Called Strike

By Dan Dupont / March 17, 2009 at 5:00 AM

Inside the Air Force's editor, Marcus Weisgerber, is out in St. Louis today for the unveiling of the new F-15SE -- the Silent Eagle -- which Boeing touts as a "stealthy" version of the fighter designed for "international customers."

From our story:

ST. LOUIS, March 17, 2009 -- In an effort to keep its international fighter jet business churning, Boeing today revealed a new, advanced version of the multirole F-15 Eagle, which the company has been secretly developing for months.

Dubbed the F-15 Silent Eagle, the fighter jet sports side-mounted conformal fuel tanks that can carry both air-to-air and air-to-ground weapons. Program officials claim the internal weapons bays, combined with canted vertical tails, special coating and advanced computer systems, turn the aircraft into a stealthy day-one strike aircraft.

Boeing displayed a full-scale model of the new jet in a hanger here close to where it builds international versions of the F-15E Strike Eagle. The ground test aircraft displayed during the roll-out is a modified version of the first F-15E flight test aircraft.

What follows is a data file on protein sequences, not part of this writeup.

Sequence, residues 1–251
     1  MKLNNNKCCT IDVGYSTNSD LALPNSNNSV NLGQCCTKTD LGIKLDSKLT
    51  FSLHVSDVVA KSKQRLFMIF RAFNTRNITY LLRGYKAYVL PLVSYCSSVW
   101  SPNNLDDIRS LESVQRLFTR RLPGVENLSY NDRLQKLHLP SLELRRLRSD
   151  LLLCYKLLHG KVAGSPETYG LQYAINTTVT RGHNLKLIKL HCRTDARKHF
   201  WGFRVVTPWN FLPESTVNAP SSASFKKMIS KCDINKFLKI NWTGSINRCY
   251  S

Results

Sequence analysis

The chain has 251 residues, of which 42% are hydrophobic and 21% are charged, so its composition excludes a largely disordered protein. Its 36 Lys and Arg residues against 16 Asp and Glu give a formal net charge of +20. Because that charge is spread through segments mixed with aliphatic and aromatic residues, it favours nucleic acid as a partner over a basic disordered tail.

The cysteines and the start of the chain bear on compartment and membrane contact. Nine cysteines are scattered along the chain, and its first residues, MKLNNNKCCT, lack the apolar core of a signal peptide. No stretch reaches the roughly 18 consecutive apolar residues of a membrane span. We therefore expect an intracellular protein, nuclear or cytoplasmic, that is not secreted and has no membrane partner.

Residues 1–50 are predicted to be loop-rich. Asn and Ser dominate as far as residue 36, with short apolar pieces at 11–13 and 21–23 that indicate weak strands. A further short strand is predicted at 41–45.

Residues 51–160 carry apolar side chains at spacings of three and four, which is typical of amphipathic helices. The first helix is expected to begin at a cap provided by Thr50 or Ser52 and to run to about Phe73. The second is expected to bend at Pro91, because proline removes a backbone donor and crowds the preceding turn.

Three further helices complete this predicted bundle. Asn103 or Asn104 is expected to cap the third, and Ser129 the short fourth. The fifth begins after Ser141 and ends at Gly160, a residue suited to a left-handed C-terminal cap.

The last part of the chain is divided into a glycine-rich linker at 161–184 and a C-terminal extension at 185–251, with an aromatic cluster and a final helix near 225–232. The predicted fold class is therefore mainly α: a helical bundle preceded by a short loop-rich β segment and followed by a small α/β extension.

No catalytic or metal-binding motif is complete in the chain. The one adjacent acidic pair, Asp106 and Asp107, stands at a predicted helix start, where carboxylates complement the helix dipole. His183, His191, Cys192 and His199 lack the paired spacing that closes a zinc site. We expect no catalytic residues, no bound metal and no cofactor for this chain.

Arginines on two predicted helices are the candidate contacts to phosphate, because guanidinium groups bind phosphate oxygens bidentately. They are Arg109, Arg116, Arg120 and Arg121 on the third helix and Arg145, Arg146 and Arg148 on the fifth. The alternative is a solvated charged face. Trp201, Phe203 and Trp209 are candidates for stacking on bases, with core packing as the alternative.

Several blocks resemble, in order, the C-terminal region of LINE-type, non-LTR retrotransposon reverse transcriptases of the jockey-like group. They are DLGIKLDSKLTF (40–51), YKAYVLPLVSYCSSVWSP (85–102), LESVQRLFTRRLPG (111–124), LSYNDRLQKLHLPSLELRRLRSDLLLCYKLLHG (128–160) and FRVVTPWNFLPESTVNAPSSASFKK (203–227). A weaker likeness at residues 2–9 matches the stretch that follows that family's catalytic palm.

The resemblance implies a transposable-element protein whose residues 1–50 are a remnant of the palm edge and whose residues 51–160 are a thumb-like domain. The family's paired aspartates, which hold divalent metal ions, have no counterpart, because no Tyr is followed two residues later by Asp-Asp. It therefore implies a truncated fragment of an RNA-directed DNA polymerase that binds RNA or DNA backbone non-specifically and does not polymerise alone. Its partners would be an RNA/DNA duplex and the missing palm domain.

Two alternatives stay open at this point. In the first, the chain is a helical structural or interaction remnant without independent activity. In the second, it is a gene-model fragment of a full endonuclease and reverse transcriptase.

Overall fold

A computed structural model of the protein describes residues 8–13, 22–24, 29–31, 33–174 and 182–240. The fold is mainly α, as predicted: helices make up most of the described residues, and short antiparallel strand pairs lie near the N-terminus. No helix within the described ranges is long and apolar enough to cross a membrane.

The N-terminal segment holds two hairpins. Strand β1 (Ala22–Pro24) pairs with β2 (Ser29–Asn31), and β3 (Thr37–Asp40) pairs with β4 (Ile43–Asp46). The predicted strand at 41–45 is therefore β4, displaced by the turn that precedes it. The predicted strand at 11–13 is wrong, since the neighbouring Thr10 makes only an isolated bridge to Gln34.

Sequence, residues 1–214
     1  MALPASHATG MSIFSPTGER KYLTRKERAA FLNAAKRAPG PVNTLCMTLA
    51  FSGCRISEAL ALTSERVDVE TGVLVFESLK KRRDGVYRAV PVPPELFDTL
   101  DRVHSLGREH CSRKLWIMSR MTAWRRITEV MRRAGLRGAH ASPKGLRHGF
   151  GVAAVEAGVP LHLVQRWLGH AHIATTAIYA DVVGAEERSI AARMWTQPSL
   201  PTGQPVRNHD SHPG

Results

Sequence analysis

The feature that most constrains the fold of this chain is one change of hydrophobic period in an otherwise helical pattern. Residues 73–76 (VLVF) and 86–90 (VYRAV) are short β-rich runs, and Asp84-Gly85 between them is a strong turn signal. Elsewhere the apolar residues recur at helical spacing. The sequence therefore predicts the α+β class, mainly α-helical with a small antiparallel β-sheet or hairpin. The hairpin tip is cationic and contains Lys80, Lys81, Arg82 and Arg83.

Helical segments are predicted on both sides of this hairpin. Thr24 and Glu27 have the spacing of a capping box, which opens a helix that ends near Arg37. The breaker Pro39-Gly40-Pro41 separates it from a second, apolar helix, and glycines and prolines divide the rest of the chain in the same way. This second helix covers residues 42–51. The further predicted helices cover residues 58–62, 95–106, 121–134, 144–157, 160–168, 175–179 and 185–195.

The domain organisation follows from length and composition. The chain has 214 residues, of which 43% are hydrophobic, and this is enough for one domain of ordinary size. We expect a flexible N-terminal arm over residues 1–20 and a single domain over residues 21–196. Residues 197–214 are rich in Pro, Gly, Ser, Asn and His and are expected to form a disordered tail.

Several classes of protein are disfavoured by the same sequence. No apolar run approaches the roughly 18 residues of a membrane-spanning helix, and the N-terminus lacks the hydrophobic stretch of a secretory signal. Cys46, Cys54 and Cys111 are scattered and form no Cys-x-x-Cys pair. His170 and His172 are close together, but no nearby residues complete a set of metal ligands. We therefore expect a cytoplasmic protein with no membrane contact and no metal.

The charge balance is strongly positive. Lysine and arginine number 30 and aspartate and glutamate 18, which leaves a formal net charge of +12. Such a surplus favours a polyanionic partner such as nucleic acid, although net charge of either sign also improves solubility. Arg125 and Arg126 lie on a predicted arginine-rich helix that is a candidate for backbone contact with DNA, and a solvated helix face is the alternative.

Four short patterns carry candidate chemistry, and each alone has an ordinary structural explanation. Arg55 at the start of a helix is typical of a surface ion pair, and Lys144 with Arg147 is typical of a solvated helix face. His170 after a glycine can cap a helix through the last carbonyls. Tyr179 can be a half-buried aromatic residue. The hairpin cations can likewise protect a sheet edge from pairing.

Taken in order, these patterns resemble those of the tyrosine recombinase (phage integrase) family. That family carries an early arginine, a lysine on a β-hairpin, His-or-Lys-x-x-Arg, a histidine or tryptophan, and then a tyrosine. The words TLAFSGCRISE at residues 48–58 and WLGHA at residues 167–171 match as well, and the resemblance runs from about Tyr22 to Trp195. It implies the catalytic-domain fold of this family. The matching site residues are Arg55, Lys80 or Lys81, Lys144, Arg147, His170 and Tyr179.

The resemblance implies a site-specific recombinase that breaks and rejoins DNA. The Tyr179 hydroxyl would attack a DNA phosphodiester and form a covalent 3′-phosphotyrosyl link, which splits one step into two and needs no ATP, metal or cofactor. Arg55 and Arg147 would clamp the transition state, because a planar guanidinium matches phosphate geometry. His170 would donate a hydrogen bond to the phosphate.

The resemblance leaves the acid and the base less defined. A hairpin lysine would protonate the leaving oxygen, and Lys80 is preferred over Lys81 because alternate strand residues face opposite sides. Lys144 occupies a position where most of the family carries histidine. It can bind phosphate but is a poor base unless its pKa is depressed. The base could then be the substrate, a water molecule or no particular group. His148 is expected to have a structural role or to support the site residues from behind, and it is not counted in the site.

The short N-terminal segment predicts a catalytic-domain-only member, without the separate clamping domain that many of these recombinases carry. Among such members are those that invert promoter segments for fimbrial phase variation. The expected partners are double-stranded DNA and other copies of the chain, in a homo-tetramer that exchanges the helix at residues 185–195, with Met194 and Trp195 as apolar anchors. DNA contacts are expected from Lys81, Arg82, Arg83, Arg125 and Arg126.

In what Boeing terms “front-end” stealth mode, the jet can carry a mixture of Joint Direct Attack Munitions, Advanced Medium-Range Air-to-Air Missiles and Small Diameter Bombs. The internal weapon bays can carry up to four AMRAAMs, or two JDAMs, or a mix of SDBs.

“Our international customers are worried about their future threats and they’re particularly worried about the value of stealth,” said Mark Bass, the company’s F-15 program vice president.

In a low-threat environment, the conformal fuel tanks -- which were flight-certified on the F-15C by the Air Force in the 1980s -- could be replaced by separate tanks that allow for external weapons mounting. The jet could then carry a heavy weapons load similar to an F-15E’s.

The aircraft likely will cost less than $100 million, according to Bass.

More pics here.